Pryce Tea

A quick feature on what I feel was a good selection of tea by the restaurant’s partner Pryce Tea. Established by one of Singapore’s oldest tea companies, Lim Lam Thye, Pryce Tea seeks to demystify the age-old perception that Chinese teas are only enjoyed during elaborate tea ceremonies, to bring you wonderful epicurean blends that embody oriental finery with modern simplicity.

We were treated to a display of a small part of their big collection of teas, such as the Cocoon Night, with decaffeinated Oolong tea leaves and Australian Eucalyptus and French Lavender which promises a good end to a busy day, and their aptly-flavoured Peppy Day, which is blended with Szechuan Peppers to give it a good oomph to pep up your day. Check out their website here!

More Information

Shisen Hanten
Level 35 Orchard Wing
Mandarin Orchard Singapore
333 Orchard Road
Singapore 238867
Phone: 68316262 / 68316266
Email: shisenhanten.orchard@meritushotels.com
Facebook | Website

The way you make an omelet reveals your character. – Anthony Bourdain

Pecori

Liang Court to many *cough* youths of my age used to be associated with the 24hrs MacDonald’s at the first floor (which has since been replaced with a food court instead) that you go to for cheap calories before a night of parties. But relatively unbeknownst to many, there is actually a Japanese enclave with a wide selection of F&B options. From premium nigiri sushi to croquettes and curries, there’s something for everyone and their wallets.

Natalie Wang

Poet. Debate specialist & coach. Makeup artist & beauty blogger. Natalie (@natwangthecat , and @natziwang) keeps herself busy with many activities. You should check out her adventures and short-lived love affairs with cats she encounters! But tonight, she brings me to her favourite spot to recharge with some of her comfort food: omu rice.

Pecori

A post shared by natziwang (@natziwang) on

Pecori Japanese Egg Restaurant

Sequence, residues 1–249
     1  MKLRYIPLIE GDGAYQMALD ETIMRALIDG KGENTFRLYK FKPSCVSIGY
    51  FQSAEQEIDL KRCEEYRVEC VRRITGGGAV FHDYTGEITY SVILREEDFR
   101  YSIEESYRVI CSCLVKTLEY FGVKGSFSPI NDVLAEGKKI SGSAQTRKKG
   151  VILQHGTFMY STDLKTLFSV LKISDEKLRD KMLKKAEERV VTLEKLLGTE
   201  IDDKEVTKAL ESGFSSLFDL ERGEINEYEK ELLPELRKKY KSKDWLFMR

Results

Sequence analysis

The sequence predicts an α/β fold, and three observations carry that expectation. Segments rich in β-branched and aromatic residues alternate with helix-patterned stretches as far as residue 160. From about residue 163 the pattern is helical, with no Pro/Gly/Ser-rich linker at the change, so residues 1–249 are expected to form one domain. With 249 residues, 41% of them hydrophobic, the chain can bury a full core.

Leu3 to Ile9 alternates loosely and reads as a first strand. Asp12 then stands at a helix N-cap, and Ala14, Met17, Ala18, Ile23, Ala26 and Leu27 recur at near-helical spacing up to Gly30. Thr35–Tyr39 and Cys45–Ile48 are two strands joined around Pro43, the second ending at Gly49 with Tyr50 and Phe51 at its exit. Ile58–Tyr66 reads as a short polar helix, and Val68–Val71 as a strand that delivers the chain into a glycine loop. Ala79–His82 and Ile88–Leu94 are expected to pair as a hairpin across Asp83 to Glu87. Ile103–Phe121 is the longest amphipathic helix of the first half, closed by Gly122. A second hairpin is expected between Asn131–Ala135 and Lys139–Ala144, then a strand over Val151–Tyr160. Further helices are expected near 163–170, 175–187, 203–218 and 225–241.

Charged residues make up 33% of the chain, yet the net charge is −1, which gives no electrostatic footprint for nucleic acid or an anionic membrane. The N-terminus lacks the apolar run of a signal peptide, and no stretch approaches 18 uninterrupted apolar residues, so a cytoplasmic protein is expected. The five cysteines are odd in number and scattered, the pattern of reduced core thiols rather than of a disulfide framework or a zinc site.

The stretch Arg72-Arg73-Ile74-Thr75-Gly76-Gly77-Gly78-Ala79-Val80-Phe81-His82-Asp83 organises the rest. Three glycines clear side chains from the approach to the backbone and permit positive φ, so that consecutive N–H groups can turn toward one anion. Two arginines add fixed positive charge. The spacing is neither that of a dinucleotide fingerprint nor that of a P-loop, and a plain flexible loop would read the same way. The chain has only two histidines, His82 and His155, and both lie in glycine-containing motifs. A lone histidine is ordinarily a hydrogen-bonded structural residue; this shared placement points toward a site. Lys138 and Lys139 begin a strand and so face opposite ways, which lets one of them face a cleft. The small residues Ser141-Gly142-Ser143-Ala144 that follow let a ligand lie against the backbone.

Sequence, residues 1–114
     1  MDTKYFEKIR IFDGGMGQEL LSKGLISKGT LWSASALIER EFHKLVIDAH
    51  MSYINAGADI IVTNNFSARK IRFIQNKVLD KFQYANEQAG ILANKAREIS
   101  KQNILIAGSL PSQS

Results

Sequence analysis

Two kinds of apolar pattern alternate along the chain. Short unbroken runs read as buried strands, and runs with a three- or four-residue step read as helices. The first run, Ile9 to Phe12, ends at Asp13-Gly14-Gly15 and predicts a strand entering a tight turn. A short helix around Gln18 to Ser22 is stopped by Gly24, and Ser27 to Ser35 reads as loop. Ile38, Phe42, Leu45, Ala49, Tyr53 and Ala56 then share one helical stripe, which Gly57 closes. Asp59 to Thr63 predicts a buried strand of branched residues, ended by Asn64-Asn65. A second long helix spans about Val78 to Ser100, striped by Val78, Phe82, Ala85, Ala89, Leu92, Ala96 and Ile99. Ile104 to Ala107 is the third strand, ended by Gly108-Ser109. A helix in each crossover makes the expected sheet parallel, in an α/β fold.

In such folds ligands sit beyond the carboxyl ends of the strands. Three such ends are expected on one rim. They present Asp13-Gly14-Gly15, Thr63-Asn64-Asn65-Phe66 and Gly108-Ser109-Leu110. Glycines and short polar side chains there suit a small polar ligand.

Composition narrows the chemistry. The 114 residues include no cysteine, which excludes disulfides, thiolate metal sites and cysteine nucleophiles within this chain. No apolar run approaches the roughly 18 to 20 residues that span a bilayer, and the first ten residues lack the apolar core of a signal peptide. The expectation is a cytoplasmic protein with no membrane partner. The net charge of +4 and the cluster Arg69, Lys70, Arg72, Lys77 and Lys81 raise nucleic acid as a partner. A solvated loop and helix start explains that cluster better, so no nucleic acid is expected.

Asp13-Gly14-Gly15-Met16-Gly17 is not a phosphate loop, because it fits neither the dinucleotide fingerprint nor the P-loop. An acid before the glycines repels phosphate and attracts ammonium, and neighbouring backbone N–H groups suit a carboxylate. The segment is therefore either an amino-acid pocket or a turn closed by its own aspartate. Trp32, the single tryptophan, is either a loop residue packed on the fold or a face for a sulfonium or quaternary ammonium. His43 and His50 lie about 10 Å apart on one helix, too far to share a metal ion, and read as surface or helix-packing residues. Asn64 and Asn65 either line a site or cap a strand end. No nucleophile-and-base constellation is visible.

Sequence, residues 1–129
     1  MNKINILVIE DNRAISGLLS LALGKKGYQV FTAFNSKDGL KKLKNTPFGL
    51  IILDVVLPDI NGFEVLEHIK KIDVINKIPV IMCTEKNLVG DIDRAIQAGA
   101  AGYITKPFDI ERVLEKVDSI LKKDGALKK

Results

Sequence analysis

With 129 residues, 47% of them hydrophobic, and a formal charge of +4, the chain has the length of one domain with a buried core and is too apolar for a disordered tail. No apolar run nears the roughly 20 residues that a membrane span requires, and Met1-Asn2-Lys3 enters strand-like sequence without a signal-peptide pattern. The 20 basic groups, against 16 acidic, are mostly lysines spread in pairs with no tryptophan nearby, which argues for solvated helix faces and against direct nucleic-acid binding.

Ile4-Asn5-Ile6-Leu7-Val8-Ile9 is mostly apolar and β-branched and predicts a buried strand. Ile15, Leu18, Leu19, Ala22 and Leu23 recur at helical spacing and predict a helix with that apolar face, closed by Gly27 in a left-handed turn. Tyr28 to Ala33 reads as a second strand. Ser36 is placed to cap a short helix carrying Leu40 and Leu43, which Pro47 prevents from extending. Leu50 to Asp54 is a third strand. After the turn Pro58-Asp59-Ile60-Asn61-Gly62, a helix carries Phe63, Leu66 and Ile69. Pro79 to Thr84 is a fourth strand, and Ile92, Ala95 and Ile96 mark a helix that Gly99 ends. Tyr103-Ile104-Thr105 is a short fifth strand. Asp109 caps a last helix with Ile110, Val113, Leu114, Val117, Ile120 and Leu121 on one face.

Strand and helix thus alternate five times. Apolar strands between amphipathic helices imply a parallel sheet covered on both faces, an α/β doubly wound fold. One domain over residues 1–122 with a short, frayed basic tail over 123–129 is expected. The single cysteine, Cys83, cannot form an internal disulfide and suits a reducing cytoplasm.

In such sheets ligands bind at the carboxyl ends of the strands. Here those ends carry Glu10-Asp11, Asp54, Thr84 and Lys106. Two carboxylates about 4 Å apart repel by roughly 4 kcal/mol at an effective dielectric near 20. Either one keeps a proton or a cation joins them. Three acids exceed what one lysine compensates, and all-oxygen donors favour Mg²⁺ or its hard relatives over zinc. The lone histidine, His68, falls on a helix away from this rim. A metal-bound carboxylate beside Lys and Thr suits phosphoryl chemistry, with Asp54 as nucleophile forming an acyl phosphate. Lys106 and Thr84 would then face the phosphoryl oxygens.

Placed at a cosy corner of the cooked food section of Medi-Ya supermarket, Pecori specialises in, amongst other minor ones, Japanese omelette rice. While many are familiar (thanks to social media) the dramatic service style of Kyoto’s Kichi Kichi, they (Pecori) do it quietly and without much fanfare. Designed like a cutesy countryside cottage, the interior has very limited seating; most customers, including us) sit at the common tables in the area right in front.

PecoriPecoriPecori

With any purchase you get access to the all-you-can-eat salad and soup bar. Perfect for warming your poor soul, but why would you overeat and miss out on the star of the night? (edit: free access is only for dinner; a small top-up is applicable during lunch)

Pecori
PecoriPecori

 

 

Picture from PecoriSG facebook
No automatic alt text available.
Picture from PecoriSG facebook

The mainstay of Pecori, the Japanese omu rice, is served with a variety of sauces and toppings (e.g. like a huge piece of tonkatsu, which I got). There’s no real favourite here, although the classic thing to order here is the demi-glace sauce with the beef stew. If you’re feeling for something a bit lighter, there’s the mushroom ankake sauce (kind of like a light clear soy sauced-based gravy). Underneath the fluffy omelettes lay an equally fluffy bed of stir-fried rice, and the generous portion will make sure you get your full $12++ worth of comfort! They also have other non-omu rice items on offer… but really?

Usually they also have a selection of dessert(s) to finish of the meal, such as this jiggly piece of Japanese pudding. According to Natalie, if you’re lucky you may even get their elusive chocolate cake!

Pecori

Verdict

hole-in-the-wall-ness:
It is pretty hidden from most mall visitors, but nonetheless it is a shopping mall. Natalie would disagree as virtually none of her friends even know this corner of the mall existed.

Price:
Japanese food have always commanded a premium here. With prices starting from about $12, it is indeed quite dear. But in exchange you will get quality and freshness where it matters.

Quality:
Portions are big and ingredients clearly look and taste fresh. Mmm those eggs…

Overall:
Fancy some eggs, monsieur? Maybe come here before a long night ahead at Clarke Quay next time!

More Information

Pecori Japanese Egg Restaurant
177 River Valley Road
#B1-31
Liang Court
Singapore 179030
(Go down the ramp escalator to basement 1, and walk towards Medi-Ya supermarket and all the way across the cashier rows, not into the supermarket)
Tel: 8277 0959 (but you don’t really need it, they are open rain or shine)
Opening Hours: 11:00am to 10:00pm daily
Facebook Page